Low-profile future for single-seaters

Michelin's Serge Grisin explains why race tyre makers want bigger wheels

Several of the world’s premiere single-seater championships look set to increase wheel diameters in a bid to make the tyres used for racing more relevant to road cars. Currently, top-tier championships such as F1, GP2 and Formula Renault all run 13-inch wheels, but tyre suppliers believe that using 17 or 18-inch wheels will help their technology transition more effectively into road tyres.

The world’s foremost electric racing car championship, Formula E, has bravely set a precedent in this respect. 

‘From the very start the idea was to have maximum links between our cars and the street tyres of the future,’ explains Serge Grisin, Michelin’s Formula E project manager. ‘So what we learn in racing is much easier to transfer to a street tyre because of the championship’s similarities.’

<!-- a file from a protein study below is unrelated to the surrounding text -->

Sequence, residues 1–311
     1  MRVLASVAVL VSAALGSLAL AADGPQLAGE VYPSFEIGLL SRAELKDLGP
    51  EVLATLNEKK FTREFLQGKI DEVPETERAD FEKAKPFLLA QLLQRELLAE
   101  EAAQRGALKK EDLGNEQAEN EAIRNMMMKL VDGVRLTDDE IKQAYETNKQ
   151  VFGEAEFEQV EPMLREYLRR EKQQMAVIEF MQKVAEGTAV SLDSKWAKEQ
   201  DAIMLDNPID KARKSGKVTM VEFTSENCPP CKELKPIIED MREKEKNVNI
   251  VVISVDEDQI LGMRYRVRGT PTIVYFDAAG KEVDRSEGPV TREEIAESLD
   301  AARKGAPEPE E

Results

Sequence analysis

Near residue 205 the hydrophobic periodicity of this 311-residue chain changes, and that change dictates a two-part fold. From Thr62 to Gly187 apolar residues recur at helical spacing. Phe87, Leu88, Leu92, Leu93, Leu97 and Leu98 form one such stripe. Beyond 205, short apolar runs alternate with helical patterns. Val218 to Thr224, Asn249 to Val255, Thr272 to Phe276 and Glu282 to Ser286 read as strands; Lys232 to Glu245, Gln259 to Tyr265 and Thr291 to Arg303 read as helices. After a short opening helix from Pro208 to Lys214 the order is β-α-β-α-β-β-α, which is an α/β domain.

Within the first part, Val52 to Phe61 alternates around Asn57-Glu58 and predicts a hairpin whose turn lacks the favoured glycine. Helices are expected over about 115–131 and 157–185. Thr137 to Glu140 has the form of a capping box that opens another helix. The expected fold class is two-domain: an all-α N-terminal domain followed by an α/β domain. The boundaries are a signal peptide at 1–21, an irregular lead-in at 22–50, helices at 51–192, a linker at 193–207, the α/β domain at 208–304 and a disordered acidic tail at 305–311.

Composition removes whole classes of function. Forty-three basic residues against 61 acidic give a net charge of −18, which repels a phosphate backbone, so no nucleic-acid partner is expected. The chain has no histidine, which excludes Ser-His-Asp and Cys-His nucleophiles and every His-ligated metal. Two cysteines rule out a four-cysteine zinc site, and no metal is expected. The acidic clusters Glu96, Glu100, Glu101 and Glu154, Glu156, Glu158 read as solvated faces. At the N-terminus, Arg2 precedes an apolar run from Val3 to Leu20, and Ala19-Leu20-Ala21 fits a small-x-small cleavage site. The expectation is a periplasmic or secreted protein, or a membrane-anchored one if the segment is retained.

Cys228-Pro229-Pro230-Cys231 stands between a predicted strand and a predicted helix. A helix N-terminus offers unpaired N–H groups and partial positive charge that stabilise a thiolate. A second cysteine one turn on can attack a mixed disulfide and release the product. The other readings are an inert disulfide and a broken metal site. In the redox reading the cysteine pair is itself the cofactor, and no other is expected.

Grisin adds that the process of transferring innovation from motorsport to the road is also made quicker, with the new technology  fast-tracked into production. ‘What we are learning now we can use in the next generation of street tyres.’

It looks like both classes of Formula Renault – FR 3.5 and FR 2.0 – will soon follow suit, as the series has been testing Michelin tyres on 17 and 18-inch wheels. The popular perception is that lower profile rubber helps make handling more precise. GP2 also ran a demonstration car on 18-inch wheels at the 2015 Monaco Grand Prix, and later confirmed that the new Pirelli tyres used on the car were ‘ready to race’.

Even so, Formula E tyres will likely be the most relevant to road cars because, unlike races in other classes, the cars can only run treaded tyres and compete on street circuits. 

‘The tyres have to race on painted surfaces and over manholes in temperatures ranging from five to 50 degrees; it’s the same for street tyres,’ continues Grisin. ‘So during a race we’re in a context where the way the tyre is working is very similar to a normal road tyre. We can use Formula E as a laboratory.’

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